2 November 2016 | BrianDanaCamp
THE FAKE GHOST CATCHERS – Action comedy with ghosts from Shaw Bros.
THE FAKE GHOST CATCHERS (1982) is a period comedy-adventure with lots of supernatural content that was produced by Hong Kong's Shaw Bros. studio, most likely as a response to the success of Golden Harvest's ENCOUNTER OF THE SPOOKY KIND (1980), which starred and was directed by Sammo Hung. Golden Harvest did the best films in the kung fu/ghost genre, including the MR. VAMPIRE series and the Yuen Clan's Taoism series, so the few Shaw Bros. comedies of this type pale in comparison. (Their more serious black magic films, like BLACK MAGIC and THE BOXER'S OMEN, are another matter entirely and much more effective.) However, THE FAKE GHOST CATCHERS remains an entertaining action comedy with some engaging performances by a small cast led by Hsiao Hou (MAD MONKEY KUNG FU) and Chang Chan-Peng, brother of kung fu star Alexander Fu Sheng, as well as Fu Sheng himself, who has a non-fighting comic supporting role in the film as a traveling Chinese Opera performer who functions as a medium for one of the ghost characters. Also on hand are Wang Lung Wei as a corrupt official pursuing Chang's character, who is trying to take a list of names to the regional judge to prove Wang's corruption, and Lily Li in a dual role as the ghost of a bride murdered by a jealous suitor on her wedding night and the living sister of the bride.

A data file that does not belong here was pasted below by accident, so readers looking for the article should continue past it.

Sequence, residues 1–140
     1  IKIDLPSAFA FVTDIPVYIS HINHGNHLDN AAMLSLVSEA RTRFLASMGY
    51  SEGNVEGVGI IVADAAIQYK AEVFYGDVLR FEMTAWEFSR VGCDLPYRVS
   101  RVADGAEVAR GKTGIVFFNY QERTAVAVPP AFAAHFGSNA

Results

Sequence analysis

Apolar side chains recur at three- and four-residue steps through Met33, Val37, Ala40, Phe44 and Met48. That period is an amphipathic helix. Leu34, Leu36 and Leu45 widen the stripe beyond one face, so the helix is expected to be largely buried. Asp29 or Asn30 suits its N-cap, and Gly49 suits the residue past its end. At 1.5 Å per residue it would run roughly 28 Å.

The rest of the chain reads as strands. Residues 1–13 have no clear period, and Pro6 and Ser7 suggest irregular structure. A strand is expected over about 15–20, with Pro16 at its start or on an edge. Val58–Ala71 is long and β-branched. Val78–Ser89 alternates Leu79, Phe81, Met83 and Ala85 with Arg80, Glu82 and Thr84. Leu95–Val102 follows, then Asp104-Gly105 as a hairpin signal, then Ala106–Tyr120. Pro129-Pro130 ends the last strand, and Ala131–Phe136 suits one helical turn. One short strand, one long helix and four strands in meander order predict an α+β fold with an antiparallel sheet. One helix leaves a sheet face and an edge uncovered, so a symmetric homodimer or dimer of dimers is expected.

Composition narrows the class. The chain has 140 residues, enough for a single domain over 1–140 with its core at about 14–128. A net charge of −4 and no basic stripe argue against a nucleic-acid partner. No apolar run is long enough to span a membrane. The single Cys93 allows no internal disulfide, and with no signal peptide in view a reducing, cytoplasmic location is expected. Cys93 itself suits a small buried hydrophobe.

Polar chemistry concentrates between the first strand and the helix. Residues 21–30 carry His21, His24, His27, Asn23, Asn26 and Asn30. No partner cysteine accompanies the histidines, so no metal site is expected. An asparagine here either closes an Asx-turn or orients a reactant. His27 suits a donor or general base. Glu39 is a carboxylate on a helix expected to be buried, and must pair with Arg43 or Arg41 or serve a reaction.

The plot (from a script by Wong Jing) is all over the place and doesn't always respect continuity as it tells of a young man (Hsiao Hou) who abandons his job as assistant to a fake medium (hence, the title of the film) and is recruited, along with Chang, to aid the bride's ghost who is pursued in the afterlife by the ghost of the jealous suitor. Only by helping the two men transport the spell containing her soul, stashed inside an umbrella, to her sister in another town can the ghost achieve justice and find peace. There are lots of obstacles along the way, including the eyepatch-wearing Wang Lung Wei and his men and a detour involving the opera performer, now possessed by the bride's ghost, winning at the gambling tables as long as the bride's spell is maintained. It all leads to multiple confrontations in an abandoned villa, starting with a kung fu fight with Wang Lung Wei and his men and continuing with a showdown between the ghost of the jealous suitor and the three heroes using written spells and other supernatural tactics.
The pay-off is not nearly as imaginative as a film like this needs (see the spectacular finale of ENCOUNTER OF THE SPOOKY KIND) and it's a big disappointment that Fu Sheng never fights, although his comic performance is otherwise quite enjoyable. Still, it's quite watchable and has a good cast and the usual high-level Shaw Bros. production values, complete with an effective array of clever special effects. I'm intrigued by Chang Chan-Peng, who is quite good as the kung fu-fighting crusader-on-the-run, and could have been a major star in his own right. His final battle with Wang Lung Wei is most impressive. I've seen him in a few other films, but he never registered with me before this film and he seems to have left the business after the shock of his brother's death in a car accident in 1983.
I watched this film on an R3 DVD released by Celestial Pictures.